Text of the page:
9. Okay I can discuss the details now. I discovered that my "idea" is already being used as a deicer on the MD80. http://www.azom.com/details.asp?ArticleID=1624 In my case, this started when I bought a new electric blanket, and noticed how much faster it heated up than my old worn out electric blanket. On inspection, I noted that the new blanket used much lower voltage (24 volts) than my old blanket. A quick search reveled that the blanket used carbon fiber heating elements instead of the nickle chrome (I think) wires my old blanket used. I noticed that even when I'm sitting outside in my balcony in cold weather (upper 20 degrees f, ~-3 degrees c), the blanket apparently did not have any trouble keeping me warm. In fact, I had to keep turning down the control to keep from "cooking"! According to Wikipedia (http://en.wikipedia.org/wiki/Electric_blanket) "Modern electric blankets have carbon fibre wires that are barely noticeable and produce heat on the far infra-red part of the spectrum, penetrating through other clothes and making a better use of every watt." Implementation of this would be simply run thin carbon fiber strands or perhaps very light woven carbon fiber tapes, perhaps in "zones" in the flying surfaces, between the foam and the top fiberglass skins. along with cheap sensors to monitor the temperatures. A cheap microcontroller can be used to monitor and control the heating elements, using PWM to deliver the currents. Since running the carbon fibers strands is easy, one can also heat up winglets and other critical areas. The power can come from a dedicated, modified cheap alternator of sufficient rating, coupled to the engine via an electric clutch. An advantage of carbon fiber tape (1" to 3" wide) over single roving is that a break in a single strand would not render the zone inoperative. A positive aspect of this system is that it would not get hot enough to cause problems to the foam and fiberglass, yet deliver enough heat to maintain a desired minimum surface temperature when flying in minus 40 degree air. A way to insure this would be to limit the maximum current to the zone. What need to be researched is optimum layout, minimum temperature needed to prevent ice formation, just how much current is needed to run this and if it's even practical to begin with. Also need to determine if normal carbon fiber roving will do the job, or if a special formulated carbon fiber is needed. An idea regarding propeller deicing. Instead of using a brush arrangement to deliver current to the propeller deicer, use a "motorcycle" type alternator, with the coils mounted in the hub and the magnets attached to the non-rotating part. There's some issues with this concept, I'll admit. The brush method would probably be better as there appears to be the same level of complicity involved. Regarding ice flinging into the propeller, I think it may be best to prevent ice buildup past the "trace" stage than to try to get rid of the ice after it accumulate. To address the concern of ice melt running aft and freezing again. Part of this can be addressed by heating the entire wing, but my reading seems to indicate that the ice melt would sublime into gas rather than remain in liquid form. Most in-flight, non-liquid, deicing system seems to focus on the leading edges and the airfoil "hump" rather than on the entire wing as a whole. But I'm still reading and researching this. It appears the main concern about ice build up is not just on the leading edges, but also on the area just behind the "hump" of the wing (maximum thickness) where ice build up destroy the airflow and reduce lift available. I wonder if a reflective material can be placed under the heaters without causing delamination issues. More research needed. Still need the ideal minimum temperature.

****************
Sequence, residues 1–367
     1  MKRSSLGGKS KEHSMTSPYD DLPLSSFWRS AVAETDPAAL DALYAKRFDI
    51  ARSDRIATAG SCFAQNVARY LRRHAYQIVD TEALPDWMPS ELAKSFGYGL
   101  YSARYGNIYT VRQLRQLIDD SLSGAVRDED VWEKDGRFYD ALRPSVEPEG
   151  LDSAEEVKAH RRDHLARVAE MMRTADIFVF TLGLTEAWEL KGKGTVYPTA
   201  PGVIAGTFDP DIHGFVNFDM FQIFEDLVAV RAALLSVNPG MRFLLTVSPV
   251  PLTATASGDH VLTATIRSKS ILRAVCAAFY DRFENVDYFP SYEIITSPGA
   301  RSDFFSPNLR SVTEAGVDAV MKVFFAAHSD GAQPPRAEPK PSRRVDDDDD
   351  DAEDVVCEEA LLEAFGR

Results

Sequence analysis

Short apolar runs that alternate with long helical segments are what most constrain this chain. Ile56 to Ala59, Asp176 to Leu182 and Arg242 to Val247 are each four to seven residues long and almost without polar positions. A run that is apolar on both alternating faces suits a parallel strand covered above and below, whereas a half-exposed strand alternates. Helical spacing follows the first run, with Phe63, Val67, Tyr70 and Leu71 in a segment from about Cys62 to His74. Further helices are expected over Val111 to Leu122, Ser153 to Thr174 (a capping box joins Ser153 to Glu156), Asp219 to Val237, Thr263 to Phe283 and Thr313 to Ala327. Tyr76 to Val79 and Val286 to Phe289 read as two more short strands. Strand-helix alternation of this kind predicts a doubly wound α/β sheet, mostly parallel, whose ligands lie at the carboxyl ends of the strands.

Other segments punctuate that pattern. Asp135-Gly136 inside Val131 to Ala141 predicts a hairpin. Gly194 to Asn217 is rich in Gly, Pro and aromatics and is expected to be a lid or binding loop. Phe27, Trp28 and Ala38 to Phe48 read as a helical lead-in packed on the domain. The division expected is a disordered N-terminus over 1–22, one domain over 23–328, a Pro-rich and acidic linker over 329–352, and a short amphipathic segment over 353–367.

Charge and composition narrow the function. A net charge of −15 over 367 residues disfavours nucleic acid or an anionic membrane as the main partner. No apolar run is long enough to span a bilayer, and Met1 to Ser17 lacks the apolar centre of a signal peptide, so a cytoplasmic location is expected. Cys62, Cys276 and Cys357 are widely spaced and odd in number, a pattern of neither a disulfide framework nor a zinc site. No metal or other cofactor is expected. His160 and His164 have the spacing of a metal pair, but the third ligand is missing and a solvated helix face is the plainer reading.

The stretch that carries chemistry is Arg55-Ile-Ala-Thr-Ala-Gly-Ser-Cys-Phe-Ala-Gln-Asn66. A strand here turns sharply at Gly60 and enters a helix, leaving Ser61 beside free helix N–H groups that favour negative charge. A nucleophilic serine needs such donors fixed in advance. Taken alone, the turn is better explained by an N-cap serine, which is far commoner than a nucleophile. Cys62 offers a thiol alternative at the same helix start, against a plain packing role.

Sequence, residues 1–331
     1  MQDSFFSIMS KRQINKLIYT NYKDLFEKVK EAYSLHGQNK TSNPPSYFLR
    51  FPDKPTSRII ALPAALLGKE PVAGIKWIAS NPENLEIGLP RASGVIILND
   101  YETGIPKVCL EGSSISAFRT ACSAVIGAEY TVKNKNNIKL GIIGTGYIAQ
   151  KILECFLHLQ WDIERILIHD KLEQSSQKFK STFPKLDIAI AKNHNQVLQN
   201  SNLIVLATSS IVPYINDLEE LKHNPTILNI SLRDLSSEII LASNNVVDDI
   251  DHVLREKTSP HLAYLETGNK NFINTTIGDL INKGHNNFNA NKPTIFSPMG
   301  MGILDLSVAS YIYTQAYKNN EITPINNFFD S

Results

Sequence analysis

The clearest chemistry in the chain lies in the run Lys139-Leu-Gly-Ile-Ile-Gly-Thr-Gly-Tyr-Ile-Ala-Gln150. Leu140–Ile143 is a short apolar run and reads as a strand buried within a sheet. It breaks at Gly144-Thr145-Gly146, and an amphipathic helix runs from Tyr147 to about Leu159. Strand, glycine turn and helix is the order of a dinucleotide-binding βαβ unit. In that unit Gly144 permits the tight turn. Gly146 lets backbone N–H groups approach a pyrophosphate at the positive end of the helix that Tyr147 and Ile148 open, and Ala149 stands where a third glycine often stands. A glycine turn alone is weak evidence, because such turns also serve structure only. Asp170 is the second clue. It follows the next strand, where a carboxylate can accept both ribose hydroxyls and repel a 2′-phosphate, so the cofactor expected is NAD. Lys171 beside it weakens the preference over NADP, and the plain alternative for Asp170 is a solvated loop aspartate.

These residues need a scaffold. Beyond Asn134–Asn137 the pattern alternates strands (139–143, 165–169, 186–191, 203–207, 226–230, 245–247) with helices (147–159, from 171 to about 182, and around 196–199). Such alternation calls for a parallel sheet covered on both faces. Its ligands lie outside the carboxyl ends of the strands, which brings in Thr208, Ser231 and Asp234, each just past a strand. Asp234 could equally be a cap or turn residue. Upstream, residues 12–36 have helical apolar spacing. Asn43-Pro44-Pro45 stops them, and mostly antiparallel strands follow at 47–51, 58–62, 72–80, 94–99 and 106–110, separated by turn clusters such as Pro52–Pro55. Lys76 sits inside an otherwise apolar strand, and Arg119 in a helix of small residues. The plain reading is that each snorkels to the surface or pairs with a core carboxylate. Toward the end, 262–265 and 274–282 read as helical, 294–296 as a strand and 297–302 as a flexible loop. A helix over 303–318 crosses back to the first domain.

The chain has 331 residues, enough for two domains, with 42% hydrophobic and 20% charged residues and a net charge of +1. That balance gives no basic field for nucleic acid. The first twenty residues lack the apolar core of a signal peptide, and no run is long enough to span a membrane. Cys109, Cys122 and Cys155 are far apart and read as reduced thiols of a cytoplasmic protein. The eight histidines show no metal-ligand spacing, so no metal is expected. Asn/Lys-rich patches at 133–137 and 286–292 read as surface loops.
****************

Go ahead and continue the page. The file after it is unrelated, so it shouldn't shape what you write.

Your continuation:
10. Actually, I did! Most of them apparently use the exhaust or bleed-off from the engine/turbine to provide the heat. Unfortunately, nothing about the freezing points, only about the working temperatures. One interesting system used the coolant from a liquid cooled engine to heat the leading edges, it's actually part of the "radiator" setup. (IICR, I read this in one of the innumerable NASA reports.) I don't know if this was ever used outside of test planes. I haven't found any that used electric heat so far. Technical information other than NASA is kinda hard to find. Still looking. NASA is full of interesting and useful reports! It's real easy to get sidetracked!